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Preemies and Micropreemies

Tiny premature baby

Premature infants, known as preemies and micropreemies, come into the world earlier than full-term babies. Preemies and micro-preemies have many special needs that make their care different from that of full-term infants. Depending on size, weight, length of gestation, and in some cases, cause of premature birth, some babies will only require a short stay, while others may be in the NICU for several months. In addition, some babies won't have any challenges as a result of their premature birth, while others may need ongoing medical and/or developmental care for a short term or throughout their lives.

What is a preemie?

Prematurity occurs when a pregnancy lasts less than 37 weeks; full-term infants are born 37 to 42 weeks after the mother's last menstrual period (LMP).

What is a micropreemie?

A baby that is born before the 26th week of pregnancy or weighs less than 28 ounces (700-800 grams) is considered a micropreemie. Due to their very small size and birthweight, and the fact that they are still in very early stages of development, micro-preemies have a considerably higher risk of complications than premature babies.

Our neonatology team has cared for babies born as early as 22 weeks and weighing only 15 ounces.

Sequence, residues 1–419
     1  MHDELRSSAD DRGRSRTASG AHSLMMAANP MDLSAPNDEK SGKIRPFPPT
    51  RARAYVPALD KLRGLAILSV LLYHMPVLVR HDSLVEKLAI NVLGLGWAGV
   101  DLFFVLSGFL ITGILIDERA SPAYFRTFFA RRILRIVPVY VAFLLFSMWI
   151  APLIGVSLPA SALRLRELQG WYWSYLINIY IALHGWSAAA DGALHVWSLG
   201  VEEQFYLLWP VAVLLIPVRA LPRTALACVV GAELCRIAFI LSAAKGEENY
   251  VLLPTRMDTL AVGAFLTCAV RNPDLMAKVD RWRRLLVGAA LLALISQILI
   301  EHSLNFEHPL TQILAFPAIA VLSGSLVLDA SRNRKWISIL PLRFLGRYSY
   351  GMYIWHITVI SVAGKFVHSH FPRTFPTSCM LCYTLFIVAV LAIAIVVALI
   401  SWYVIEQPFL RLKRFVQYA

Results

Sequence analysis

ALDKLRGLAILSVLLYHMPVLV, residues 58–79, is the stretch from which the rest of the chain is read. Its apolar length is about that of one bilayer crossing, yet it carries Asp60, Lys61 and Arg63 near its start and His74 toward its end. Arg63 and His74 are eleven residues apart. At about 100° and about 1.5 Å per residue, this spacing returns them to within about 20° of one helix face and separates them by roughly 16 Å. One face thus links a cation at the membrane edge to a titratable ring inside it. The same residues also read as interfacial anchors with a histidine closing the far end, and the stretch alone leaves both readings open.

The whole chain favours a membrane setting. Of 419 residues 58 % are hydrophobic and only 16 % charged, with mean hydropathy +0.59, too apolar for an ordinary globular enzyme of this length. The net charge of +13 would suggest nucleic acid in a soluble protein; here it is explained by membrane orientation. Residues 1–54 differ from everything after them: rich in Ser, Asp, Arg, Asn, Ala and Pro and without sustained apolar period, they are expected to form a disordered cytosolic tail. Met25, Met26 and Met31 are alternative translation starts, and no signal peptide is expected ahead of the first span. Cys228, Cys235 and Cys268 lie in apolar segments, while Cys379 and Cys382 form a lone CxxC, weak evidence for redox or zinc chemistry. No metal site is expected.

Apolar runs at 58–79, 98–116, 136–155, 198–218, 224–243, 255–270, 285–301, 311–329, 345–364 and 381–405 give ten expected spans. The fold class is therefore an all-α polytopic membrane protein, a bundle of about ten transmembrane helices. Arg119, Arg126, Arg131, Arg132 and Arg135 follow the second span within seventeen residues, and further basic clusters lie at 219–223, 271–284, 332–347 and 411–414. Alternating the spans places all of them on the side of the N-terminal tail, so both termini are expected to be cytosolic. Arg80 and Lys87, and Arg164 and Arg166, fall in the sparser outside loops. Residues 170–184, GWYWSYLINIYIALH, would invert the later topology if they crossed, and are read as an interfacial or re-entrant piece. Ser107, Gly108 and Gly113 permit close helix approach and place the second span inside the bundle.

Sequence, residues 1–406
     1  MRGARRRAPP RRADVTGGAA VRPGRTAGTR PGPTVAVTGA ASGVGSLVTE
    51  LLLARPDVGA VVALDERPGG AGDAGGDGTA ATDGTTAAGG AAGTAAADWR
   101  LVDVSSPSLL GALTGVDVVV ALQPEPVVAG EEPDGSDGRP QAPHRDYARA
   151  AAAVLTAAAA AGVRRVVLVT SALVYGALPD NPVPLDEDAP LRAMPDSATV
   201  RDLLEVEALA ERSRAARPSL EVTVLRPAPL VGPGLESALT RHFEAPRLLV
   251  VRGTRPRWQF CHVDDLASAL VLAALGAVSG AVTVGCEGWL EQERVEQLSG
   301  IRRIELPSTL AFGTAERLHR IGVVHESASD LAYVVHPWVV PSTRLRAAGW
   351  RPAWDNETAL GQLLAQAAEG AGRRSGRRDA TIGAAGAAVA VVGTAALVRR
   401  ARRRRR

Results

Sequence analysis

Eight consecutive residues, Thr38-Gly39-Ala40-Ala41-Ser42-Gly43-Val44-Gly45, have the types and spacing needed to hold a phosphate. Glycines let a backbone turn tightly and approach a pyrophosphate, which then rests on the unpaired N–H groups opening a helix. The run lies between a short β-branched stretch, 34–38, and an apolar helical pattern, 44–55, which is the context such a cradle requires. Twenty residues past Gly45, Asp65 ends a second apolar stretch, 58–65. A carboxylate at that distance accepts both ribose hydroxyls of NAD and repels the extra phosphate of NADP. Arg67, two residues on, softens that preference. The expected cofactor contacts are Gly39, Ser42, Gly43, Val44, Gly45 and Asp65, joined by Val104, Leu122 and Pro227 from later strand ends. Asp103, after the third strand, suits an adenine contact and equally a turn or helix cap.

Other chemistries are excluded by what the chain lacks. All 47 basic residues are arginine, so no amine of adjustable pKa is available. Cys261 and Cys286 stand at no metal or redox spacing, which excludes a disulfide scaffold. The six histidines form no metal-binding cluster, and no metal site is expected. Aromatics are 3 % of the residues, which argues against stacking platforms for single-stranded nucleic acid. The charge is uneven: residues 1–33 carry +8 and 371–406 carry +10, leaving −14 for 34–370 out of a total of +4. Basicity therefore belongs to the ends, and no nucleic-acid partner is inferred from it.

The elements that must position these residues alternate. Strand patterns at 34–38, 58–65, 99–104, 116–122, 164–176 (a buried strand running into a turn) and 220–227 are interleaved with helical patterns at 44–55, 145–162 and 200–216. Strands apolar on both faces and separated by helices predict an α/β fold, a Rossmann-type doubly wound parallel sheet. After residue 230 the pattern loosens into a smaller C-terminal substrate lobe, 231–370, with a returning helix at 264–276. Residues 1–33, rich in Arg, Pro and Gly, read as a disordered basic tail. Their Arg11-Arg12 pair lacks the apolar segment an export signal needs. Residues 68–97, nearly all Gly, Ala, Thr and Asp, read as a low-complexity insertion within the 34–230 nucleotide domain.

What causes a premature birth?

In most cases, the cause of preterm delivery is unknown and not within a mother's control. Sometimes it's caused by the mother's health conditions during pregnancy, such as gestational diabetes, hypertension, heart or kidney problems, an infection (particularly involving the amniotic membranes, or genital or urinary tracts), or bleeding due to abnormal positioning of the placenta.

Other times preterm birth can be caused by a mother's lifestyle choices, such as poor nutrition, smoking, illicit drug use, or excessive alcohol consumption during pregnancy.

Also, early deliveries can be due to a structural abnormality or overstretching of the uterus from carrying more than one fetus at the same time (twins, triplets, or more).

Preterm deliveries are more common in women younger than 19 or older than 40, and those with a previous preterm delivery. However, any pregnant woman may deliver prematurely and many who do have not have any known risk factors.

If you are at risk for a premature delivery, we invite you to schedule a tour of our NICU.

We're here to help.

If you would like to schedule an appointment for a NICU tour, refer a patient or speak to our staff, please call our offices at 855-687-6428.